LSU AgCenter 4-H agent Markaye Russell from Ouachita Parish said AgAlley is a two-day event for the first- and fourth-grade students, then the final two days of the four are open to the public. “I’m always surprised at the number of children and adults who come through and don’t really know what the raw commodity or product looks like,” Pinnell-Alison said. “They know what it looks like in the store, but they sometimes see raw corn and ask ‘is it real?’”

MSU Researchers Find Seed Treatments Work

After testing scores of samples taken from rice fields across the state, Mississippi State University (MSU) scientists found that seed treatments are effective in managing the crop’s most troublesome insect pests.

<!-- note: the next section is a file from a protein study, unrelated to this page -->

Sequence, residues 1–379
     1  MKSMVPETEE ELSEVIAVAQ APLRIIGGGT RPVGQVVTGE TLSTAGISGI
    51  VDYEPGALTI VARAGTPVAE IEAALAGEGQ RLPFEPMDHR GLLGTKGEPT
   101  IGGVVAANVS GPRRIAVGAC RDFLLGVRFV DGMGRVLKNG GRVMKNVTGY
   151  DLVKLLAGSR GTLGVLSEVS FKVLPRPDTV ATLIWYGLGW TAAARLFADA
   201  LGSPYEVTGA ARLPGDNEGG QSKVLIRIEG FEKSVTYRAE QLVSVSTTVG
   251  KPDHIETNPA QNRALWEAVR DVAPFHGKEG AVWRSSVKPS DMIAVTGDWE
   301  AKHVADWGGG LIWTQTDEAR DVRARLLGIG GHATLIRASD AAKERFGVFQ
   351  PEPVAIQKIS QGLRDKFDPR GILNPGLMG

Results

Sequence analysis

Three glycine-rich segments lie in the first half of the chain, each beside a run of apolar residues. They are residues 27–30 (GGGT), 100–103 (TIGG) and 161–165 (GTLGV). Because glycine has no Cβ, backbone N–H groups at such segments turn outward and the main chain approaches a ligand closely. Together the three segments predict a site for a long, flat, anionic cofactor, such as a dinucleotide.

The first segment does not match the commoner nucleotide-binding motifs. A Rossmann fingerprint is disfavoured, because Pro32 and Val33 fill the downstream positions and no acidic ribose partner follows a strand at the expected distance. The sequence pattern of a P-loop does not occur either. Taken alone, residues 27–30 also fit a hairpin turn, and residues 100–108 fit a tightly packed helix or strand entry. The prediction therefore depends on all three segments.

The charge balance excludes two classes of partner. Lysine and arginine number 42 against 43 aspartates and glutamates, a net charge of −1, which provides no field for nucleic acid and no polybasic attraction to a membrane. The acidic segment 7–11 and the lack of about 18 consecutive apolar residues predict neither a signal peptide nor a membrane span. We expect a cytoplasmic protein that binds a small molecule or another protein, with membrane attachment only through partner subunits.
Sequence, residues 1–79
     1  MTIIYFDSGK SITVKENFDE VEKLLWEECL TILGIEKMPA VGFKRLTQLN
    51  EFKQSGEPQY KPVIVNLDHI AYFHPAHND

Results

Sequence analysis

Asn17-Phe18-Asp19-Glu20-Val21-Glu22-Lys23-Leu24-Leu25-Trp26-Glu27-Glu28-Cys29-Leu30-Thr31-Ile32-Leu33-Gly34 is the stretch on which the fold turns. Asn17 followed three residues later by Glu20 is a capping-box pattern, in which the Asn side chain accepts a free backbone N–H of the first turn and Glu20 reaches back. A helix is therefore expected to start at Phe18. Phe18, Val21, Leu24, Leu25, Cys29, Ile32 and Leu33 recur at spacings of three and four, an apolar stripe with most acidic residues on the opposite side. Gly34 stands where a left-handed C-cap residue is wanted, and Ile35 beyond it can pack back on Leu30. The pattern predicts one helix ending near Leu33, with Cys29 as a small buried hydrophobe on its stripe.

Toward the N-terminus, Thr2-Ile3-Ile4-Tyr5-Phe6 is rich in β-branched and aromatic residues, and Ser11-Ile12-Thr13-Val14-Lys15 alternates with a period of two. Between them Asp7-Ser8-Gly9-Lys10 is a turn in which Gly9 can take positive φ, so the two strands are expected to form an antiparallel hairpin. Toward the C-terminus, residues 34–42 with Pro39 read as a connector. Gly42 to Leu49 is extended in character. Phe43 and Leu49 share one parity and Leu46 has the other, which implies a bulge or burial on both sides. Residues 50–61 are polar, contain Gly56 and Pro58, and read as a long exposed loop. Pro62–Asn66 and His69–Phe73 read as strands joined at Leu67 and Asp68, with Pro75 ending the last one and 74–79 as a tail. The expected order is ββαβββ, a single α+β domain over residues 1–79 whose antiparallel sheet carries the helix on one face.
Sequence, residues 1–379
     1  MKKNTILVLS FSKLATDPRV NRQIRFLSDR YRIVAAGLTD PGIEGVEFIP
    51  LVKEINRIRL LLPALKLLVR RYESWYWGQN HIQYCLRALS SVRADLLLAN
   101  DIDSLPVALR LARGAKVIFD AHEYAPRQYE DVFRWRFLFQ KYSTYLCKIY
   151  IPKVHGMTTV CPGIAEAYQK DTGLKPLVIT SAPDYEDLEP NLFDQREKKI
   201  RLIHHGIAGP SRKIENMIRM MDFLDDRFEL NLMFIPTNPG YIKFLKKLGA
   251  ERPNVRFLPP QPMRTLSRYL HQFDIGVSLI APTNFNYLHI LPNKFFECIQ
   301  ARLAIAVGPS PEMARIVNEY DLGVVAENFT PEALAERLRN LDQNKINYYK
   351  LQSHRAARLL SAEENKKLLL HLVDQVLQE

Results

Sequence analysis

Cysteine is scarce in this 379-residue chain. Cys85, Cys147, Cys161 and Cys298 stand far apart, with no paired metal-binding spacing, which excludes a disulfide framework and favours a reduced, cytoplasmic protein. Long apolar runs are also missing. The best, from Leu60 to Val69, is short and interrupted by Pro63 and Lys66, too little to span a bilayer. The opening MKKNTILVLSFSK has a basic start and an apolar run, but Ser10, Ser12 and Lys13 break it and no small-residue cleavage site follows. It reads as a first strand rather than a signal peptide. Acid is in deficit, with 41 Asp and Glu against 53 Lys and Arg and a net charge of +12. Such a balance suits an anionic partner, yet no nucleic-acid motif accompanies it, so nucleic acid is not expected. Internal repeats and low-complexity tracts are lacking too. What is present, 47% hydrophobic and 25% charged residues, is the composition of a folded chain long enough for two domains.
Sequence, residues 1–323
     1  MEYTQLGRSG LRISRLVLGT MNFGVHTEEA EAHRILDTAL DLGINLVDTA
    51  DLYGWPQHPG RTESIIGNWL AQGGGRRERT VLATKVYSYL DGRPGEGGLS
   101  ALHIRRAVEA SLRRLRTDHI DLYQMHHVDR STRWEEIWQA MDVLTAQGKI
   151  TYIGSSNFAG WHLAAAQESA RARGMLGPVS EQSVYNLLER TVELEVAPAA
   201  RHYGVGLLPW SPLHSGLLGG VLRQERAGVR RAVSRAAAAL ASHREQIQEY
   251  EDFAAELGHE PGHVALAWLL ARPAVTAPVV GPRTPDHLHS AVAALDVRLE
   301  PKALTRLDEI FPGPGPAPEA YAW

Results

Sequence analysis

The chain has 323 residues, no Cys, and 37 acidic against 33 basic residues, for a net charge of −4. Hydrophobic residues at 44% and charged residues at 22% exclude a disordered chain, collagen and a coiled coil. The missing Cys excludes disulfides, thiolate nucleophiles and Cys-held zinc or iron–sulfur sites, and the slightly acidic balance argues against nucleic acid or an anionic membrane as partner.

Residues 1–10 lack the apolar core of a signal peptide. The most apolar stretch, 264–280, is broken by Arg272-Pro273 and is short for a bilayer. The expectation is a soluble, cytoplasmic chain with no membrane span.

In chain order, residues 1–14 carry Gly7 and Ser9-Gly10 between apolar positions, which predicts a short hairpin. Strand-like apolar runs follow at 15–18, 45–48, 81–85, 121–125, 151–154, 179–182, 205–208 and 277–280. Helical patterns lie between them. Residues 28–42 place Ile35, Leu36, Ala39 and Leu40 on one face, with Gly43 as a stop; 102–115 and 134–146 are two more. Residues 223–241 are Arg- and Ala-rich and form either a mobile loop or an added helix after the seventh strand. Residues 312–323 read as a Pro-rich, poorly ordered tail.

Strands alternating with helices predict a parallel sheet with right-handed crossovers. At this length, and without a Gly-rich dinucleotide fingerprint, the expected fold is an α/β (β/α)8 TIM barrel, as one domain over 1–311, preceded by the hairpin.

“In Mississippi, we’ve been evaluating seed treatments for about five years,” said Jeff Gore, entomologist with the Mississippi Agricultural and Forestry Experiment Station and MSU Extension Service. “Our research has shown that rice grown with a seed treatment typically yields from eight to 12 bushels more per acre than untreated rice. The main reason for that yield increase is rice water weevil control.”

Gore said seed treatments are effective in both conventional rice varieties and hybrids.

“Although they do not provide 100 percent control of rice water weevil, seed treatments do provide significant benefits in rice,” he said. “Because control is not absolute, a foliar insecticide application may be necessary to maximize control in some situations.”

Gore said that seed treatments provide other benefits to rice producers, too.